9. 9. National Equity Fund Scheme With the objective of providing equity type of support to small entrepreneurs tiny/small scale sector and for rehabilitation of viable sick units in the SSI sector, the SIDBI provides equity fund scheme. Eligibility a) Entrepreneurs setting up new projects in the tiny and small scale sector for manufacture, preservation or processing of goods and existing sick SSI units undertaking rehabilitation if they are found to be potentially viable by the financing institutions, are eligible for assistance. b) All industrial activities and service industries, except road transport, hotel, restaurant and hospitals/nursing homes, are eligible for assistance under the Scheme. c) The unit should be located in village/town having population upto 5 lakhs (15 lakhs in the case of hilly areas and North-Eastern Region). However, in the case of the rehabilitation proposals, the project could be located in towns/villages with population upto 15 lakhs. d) New projects which avail of any margin money or seed/special capital assistance under the schemes of Central or State Government, SFCs and other State-level institutions or banks (except Central/State Investment Subsidy) will not be eligible for assistance. e) The rehabilitaion proposal should conform to the norms prescribed under the Rehabilitation Refinance Scheme of SIDBI for SSI sector. f) The unit should be registered with State Directorate of Industries/appropriate statutory authority. g) The unit should be eligible for assistance under the Refinance Scheme of SIDBI. Sanction of refinance in respect of term loan for the project by SIDBI is a prerequisite for extending equity type assistance under the Scheme. h) The total fund requirement of projects in the form of equity assistance under NEF, term loan and working capital will be provided by a single agency. Central/State subsidy may be retained for meeting working capital requirement. Project Cost Project cost (including margin money for working capital) should not exceed Rs. 5 lakhs in the case of new project. In the case of rehabilitation projects also, total outlay on rehabilitation should not exceed Rs. 5 lakhs per project. Amount of Assistance Amount required to meet the gap in equity as per prescribed debt-equity norm, after taking into account the promoters’ contribution, subject to a maximum of 15% of project cost within a ceiling of Rs. 75,000 per project. Interest Only service charge @ 1% p.a. is payable. Security No security including collaterals to be insisted upon for the soft loan. 84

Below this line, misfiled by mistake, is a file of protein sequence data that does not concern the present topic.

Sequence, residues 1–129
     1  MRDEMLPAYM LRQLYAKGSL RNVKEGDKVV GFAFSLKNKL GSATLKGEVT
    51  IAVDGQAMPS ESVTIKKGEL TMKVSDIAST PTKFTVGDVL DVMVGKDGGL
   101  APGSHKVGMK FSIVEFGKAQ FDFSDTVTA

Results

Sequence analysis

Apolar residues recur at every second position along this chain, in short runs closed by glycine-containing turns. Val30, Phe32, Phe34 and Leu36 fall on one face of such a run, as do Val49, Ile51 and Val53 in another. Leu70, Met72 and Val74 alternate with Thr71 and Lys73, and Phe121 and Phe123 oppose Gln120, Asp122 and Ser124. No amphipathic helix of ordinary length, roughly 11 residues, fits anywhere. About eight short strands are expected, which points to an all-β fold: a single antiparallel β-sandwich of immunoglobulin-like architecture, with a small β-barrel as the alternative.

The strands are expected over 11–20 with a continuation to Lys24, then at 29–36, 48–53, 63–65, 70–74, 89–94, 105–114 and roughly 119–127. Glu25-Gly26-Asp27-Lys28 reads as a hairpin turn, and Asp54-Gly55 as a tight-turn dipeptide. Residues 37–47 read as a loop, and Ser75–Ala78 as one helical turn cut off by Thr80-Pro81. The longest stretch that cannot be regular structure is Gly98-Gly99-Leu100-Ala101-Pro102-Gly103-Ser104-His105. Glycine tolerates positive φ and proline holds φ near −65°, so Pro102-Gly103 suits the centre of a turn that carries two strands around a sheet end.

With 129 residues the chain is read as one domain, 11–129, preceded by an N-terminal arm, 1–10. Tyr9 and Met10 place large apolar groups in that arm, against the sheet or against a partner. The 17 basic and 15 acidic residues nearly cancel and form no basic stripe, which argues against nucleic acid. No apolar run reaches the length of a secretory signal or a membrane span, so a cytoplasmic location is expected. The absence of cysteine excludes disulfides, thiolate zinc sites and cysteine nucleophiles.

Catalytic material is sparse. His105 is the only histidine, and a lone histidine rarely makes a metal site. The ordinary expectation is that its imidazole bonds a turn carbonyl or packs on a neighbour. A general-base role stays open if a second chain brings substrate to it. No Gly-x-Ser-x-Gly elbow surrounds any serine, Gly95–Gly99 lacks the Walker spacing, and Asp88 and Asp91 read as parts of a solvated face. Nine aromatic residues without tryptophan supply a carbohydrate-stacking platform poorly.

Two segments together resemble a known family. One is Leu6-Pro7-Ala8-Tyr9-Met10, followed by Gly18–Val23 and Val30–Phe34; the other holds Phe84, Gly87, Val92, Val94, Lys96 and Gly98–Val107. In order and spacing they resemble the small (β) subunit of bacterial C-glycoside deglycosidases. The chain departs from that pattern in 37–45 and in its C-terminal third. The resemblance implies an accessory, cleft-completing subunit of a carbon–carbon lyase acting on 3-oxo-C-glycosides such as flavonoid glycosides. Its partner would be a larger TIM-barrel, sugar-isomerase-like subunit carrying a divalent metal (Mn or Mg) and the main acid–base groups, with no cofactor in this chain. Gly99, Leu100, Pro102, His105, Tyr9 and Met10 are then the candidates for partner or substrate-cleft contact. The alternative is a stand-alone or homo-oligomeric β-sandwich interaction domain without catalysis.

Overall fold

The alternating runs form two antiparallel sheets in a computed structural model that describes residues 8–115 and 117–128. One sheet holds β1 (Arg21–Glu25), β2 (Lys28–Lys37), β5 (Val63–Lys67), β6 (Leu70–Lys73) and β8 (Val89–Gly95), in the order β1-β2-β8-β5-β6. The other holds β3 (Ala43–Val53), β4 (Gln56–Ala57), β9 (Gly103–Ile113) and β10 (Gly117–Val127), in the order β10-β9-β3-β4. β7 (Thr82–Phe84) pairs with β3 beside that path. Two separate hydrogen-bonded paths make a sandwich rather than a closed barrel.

10. 10. Refinance Scheme for Working Capital Loan under Single Window to Tiny and SSI Units by SFCs/SIDCs Eligible units New tiny and small scale units whose cost of project (excluding working capital margin) does not exceed Rs.10 lakhs and the total working capital requirement at the normal level of operations is upto Rs.5 lakhs, provided the unit has been sanctioned term loan for fixed assets and loan for working capital by the same institution. Nature and amount of assistance Working capital loan upto Rs.5 lakhs and permissible term loan for fixed assets. Commitment charge Nil Security First charge on fixed assets and hypothecation of current assets. Debt-equity ratio 3:1 for the total venture outlay (i.e., cost of the project plus total working capital requirement) after taking into account the amount of investment subsidy/incentive available for the project. Promoters’ Contribution As may be required to arrive at the debt-equity ratio of 3:1. Scheme for Women Entrepreneurs The scheme has been formulated with the twin objectives of (i) providing training and extension services support to women entrepreneurs and (ii) extending financial assistance on concessional terms to enable them to set up industrial units in the small scale sector. Training and Extension Services Programmes for training and extension services for women entrepreneurs are organised through designated/approved agencies. Eligibility All projects in SSI sector including cottage, village and tiny industries promoted and managed by women entrepreneurs are eligible for concessional assistance under the Scheme. Security As may be stipulated by the eligible institutions. However, no collateral security is to be insisted upon. Scheme of refinance Assistance for Quality Control Facilities by SSI Units The Scheme has been drawn up to encourage SSI units to establish facilities for testing and quality control with a view to ensuring better market acceptability of their products. The assistance will be provided by way of term loan normally not exceeding Rs.7.5 lakhs per project. Refinance Scheme for Modernisation of Small Scale Industries The primary objective of the Scheme is to encourage industrial units overcome the backlog of modernisation and to adopt improved and updated technology and methods of production and prevent mechanical and technological obsolescence. Modernisation may include replacement or renovation of plant and machinery or acquisition of balancing equipment for fuller and more 85